So, let’s say you find an unadvertised item on sale one day. How do you know whether it really is a good deal?
Setting price points or following a price point list – is the best way to gage whether a price is really a good deal.
What is a price point?
A price point is the highest price that you are willing to pay on an item. For example, my price point for cereal is $0.75 a box. I will not pay more than $0.75 for a box of cereal. When I first started couponing, my price point was $1.50 a box. Each time the price dropped to $1.50 a box – I stocked up. Then as I had a good supply of cereal, I was able to lower my price point – since I had enough on hand to last until the next time it dropped down to that price. Now I have enough on hand that I can wait around for the $0.75 a box cereal deals.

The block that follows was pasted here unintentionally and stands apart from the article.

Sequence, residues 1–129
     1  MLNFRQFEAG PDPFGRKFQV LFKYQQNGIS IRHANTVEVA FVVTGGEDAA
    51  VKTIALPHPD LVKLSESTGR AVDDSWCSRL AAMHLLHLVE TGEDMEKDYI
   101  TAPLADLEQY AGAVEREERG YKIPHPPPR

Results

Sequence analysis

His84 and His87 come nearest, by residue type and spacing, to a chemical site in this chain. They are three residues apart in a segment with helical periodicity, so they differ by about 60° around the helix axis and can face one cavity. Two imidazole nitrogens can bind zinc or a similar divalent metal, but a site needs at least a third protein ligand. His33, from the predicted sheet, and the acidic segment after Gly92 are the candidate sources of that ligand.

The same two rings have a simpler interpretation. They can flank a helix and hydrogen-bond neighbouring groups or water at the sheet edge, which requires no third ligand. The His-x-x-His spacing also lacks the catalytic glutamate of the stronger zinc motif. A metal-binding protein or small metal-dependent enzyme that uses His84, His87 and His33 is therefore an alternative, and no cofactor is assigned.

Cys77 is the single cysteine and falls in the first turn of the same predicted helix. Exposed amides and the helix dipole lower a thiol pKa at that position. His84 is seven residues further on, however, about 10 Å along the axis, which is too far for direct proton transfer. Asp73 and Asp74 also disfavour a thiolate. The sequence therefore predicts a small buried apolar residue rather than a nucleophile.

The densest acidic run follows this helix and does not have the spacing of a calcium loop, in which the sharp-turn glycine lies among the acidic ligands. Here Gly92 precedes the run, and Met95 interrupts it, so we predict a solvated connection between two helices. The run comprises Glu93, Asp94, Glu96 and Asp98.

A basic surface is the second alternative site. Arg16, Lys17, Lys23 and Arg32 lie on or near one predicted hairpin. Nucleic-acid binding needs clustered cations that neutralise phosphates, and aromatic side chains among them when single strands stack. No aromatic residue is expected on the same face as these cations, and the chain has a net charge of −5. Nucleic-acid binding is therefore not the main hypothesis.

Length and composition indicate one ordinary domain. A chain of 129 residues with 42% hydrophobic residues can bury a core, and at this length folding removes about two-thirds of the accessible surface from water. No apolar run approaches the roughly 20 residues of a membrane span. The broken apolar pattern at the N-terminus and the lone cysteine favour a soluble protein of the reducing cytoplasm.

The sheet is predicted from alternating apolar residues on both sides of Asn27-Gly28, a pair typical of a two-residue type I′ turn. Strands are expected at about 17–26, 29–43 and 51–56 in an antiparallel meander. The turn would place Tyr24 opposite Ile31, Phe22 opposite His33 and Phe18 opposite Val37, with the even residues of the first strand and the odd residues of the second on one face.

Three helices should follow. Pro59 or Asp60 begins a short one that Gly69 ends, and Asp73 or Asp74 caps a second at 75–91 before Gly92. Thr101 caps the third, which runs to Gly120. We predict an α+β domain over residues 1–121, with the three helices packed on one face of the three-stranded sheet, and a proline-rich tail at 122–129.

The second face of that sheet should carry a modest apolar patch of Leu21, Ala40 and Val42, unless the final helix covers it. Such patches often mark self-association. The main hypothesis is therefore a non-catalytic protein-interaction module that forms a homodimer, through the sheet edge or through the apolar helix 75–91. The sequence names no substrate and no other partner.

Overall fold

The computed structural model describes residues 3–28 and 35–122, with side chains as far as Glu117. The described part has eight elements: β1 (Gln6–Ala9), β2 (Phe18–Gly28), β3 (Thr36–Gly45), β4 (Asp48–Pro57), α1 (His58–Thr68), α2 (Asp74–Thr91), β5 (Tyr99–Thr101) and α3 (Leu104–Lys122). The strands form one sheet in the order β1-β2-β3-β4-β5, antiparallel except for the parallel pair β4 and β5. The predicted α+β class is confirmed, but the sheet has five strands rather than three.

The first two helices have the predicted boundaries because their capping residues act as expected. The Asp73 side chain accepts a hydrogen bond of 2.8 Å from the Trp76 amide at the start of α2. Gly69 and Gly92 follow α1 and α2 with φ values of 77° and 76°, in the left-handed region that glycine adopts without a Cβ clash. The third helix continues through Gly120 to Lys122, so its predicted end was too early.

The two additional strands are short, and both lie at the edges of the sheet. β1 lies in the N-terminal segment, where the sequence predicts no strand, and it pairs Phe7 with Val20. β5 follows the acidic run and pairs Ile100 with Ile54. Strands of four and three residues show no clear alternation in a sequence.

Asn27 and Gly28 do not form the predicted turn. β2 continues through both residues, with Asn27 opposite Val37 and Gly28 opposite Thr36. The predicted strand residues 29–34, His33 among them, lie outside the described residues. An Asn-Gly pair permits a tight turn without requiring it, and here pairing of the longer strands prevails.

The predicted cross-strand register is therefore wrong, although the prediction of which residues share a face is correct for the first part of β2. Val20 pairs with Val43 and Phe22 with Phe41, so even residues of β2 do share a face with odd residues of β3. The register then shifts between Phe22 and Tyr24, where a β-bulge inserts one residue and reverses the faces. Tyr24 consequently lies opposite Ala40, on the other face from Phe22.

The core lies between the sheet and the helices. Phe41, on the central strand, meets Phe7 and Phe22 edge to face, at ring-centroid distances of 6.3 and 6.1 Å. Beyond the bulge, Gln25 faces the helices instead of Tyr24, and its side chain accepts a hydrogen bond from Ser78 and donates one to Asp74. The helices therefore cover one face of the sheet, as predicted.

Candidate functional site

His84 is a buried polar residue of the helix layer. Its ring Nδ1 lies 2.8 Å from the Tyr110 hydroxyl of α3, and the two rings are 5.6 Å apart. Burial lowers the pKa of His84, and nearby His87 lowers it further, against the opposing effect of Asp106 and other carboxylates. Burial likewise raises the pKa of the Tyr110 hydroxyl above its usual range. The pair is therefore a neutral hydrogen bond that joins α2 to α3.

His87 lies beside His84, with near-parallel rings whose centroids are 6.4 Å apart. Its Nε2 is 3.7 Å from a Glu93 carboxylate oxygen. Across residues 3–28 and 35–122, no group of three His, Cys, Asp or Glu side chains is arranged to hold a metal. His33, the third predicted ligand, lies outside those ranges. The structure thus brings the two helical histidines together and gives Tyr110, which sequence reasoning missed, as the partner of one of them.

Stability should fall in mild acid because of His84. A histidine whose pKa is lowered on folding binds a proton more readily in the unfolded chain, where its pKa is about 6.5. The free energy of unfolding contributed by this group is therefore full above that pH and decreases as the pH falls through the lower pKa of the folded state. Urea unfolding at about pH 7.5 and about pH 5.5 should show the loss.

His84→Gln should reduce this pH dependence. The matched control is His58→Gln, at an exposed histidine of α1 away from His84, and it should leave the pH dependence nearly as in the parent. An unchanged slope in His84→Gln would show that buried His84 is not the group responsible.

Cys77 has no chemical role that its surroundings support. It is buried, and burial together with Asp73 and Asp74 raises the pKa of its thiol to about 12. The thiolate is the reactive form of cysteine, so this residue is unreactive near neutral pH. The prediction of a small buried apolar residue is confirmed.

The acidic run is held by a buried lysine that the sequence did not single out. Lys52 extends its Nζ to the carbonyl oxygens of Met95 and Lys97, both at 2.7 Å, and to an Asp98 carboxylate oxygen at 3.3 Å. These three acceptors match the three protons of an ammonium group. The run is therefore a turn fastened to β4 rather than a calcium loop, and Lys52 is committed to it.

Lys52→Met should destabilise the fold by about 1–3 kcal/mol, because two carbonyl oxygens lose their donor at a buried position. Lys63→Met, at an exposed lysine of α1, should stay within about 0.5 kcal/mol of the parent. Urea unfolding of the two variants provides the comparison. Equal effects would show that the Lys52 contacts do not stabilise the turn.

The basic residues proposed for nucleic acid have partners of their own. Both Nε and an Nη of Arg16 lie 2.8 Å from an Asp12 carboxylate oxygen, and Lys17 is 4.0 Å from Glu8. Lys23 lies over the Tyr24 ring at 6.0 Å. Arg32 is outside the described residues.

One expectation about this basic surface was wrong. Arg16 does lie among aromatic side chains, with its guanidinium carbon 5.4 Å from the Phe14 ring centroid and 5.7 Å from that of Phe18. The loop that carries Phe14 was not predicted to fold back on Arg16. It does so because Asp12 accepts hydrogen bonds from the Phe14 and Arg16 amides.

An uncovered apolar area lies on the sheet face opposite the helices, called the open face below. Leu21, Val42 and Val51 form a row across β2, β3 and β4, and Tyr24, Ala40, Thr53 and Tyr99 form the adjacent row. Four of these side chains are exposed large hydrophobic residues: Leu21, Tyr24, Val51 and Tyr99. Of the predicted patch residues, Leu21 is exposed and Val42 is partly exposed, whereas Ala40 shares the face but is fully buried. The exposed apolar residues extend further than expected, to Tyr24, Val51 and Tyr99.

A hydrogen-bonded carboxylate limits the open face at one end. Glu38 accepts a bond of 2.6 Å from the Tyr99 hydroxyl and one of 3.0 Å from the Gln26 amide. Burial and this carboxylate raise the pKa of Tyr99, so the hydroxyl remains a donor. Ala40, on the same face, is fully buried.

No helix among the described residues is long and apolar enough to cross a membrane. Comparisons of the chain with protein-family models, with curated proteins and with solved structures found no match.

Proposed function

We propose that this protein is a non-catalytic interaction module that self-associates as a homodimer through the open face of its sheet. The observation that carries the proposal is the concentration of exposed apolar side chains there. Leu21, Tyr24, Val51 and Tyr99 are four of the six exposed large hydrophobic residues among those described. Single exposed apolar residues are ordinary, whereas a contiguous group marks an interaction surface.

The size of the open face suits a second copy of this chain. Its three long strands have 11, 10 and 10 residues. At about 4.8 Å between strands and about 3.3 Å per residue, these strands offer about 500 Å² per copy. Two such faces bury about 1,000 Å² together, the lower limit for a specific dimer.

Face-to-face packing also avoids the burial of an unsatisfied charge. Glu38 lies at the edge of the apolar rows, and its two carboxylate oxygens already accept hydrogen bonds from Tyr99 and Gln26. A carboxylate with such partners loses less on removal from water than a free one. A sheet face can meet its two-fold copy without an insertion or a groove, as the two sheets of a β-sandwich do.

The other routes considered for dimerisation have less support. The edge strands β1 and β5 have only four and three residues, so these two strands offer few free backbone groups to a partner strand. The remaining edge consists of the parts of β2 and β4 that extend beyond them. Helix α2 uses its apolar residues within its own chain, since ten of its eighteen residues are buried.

If you are new to couponing, you may not have determined your own price points yet. Lucky for us, Amy at Savvy Shopper Deals has created a printable Price Point List. I have it printed and put in sheet protectors in the back of my coupon binder. It is such a great resource.Image Credit: digitalart / FreeDigitalPhotos.net